Ancient potentates sometimes had the nasty habit of putting messengers to death if they didn't like the message. News of this would quickly spread among the messengers, so they would say only what pleased and flattered the ruler-only what the ruler was willing to hear. Like these old-time messengers, youngsters are vulnerable to the dictates of adults because grownups hold so much control over what happens and doesn't happen in a child's life. Children know this fact of life very well.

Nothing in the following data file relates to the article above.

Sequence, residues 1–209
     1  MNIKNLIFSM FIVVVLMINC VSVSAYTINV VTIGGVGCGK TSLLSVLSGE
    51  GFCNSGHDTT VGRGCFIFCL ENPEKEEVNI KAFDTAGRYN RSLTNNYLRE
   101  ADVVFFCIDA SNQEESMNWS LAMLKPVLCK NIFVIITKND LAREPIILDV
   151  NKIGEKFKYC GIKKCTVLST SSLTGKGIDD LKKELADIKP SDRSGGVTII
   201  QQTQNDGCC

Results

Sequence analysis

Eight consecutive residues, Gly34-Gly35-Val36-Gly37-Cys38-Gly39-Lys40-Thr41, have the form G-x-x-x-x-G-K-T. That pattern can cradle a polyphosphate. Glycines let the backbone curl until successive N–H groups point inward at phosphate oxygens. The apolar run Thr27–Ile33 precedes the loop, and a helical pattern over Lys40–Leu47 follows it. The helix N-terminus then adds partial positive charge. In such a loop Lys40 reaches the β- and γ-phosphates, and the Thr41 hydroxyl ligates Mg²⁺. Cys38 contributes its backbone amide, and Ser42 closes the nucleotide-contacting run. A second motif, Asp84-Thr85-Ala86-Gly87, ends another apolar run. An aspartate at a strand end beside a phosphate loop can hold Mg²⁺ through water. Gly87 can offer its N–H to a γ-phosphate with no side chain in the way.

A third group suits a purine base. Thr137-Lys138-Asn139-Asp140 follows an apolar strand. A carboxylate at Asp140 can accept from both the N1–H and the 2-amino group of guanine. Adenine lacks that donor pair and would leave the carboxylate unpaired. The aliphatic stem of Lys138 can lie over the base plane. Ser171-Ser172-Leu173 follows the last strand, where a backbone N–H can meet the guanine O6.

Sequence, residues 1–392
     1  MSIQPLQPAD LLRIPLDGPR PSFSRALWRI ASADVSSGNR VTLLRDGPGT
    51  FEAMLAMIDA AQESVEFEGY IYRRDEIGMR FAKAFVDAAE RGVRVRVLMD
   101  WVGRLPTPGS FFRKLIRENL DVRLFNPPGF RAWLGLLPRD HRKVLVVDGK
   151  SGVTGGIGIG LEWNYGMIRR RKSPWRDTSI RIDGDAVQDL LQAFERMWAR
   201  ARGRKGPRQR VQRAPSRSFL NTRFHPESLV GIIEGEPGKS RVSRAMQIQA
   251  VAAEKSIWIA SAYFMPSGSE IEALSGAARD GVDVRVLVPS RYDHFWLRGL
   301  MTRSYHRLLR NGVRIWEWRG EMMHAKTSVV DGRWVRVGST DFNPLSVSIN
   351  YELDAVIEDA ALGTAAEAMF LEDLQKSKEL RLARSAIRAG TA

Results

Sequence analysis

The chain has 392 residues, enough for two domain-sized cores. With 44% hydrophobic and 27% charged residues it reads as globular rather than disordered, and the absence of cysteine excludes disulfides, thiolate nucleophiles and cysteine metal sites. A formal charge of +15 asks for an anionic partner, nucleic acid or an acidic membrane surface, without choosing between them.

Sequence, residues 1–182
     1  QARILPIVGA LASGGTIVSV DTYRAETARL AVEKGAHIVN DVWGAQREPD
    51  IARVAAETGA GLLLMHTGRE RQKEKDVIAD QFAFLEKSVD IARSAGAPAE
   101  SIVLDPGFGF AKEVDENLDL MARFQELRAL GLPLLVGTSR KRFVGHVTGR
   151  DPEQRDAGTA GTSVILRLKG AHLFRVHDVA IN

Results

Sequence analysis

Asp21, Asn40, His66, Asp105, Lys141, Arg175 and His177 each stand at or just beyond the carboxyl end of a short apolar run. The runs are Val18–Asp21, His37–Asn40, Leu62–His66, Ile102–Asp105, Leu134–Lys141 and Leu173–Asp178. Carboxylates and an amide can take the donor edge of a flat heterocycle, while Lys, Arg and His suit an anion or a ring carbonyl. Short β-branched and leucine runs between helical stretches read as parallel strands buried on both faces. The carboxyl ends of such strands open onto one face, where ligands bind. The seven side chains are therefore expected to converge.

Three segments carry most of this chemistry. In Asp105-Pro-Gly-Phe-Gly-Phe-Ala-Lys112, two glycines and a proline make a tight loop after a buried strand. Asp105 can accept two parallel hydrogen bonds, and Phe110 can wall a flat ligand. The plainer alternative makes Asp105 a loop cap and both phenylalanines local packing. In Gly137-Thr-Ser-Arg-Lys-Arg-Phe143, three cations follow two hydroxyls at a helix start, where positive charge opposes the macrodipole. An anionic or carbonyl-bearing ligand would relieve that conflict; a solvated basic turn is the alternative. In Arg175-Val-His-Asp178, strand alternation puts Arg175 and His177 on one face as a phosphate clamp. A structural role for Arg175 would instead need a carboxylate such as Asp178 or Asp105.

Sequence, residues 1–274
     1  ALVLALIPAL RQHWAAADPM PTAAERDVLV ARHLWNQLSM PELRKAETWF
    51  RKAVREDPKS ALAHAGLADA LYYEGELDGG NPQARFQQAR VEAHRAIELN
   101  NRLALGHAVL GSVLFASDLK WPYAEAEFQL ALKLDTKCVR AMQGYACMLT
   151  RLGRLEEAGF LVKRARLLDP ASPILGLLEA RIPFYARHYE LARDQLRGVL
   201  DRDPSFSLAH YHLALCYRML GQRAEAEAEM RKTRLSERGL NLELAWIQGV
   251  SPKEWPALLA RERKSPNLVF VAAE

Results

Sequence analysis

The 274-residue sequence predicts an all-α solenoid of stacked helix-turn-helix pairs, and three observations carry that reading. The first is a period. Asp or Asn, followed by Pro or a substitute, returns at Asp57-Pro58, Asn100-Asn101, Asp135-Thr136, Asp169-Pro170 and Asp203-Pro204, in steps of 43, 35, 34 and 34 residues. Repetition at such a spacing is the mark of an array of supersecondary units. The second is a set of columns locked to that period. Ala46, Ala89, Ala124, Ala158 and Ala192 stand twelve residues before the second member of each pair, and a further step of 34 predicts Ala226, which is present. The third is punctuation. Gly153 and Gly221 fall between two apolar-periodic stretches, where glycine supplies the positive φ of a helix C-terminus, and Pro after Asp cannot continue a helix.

If we squelch a child's communications, we risk killing off the enthusiasm, openness, and honesty of the young messenger. But when we make it safe for youngsters to freely express themselves, we provide fertile ground for their growth and for a stronger, deeper relationship with us. Also, we can keep in better touch with what is happening in their world. Given less than half a chance, kids communicate openly and happily.
Achieving full disclosure isn't possible of even necessarily desirable. We all have private selves; neither adults nor youngsters are saints; and most saints never had kids. Let's face it, a child will never tell everything. (Did you?) But you want it to be safe for them to tell you anything that they need or want to.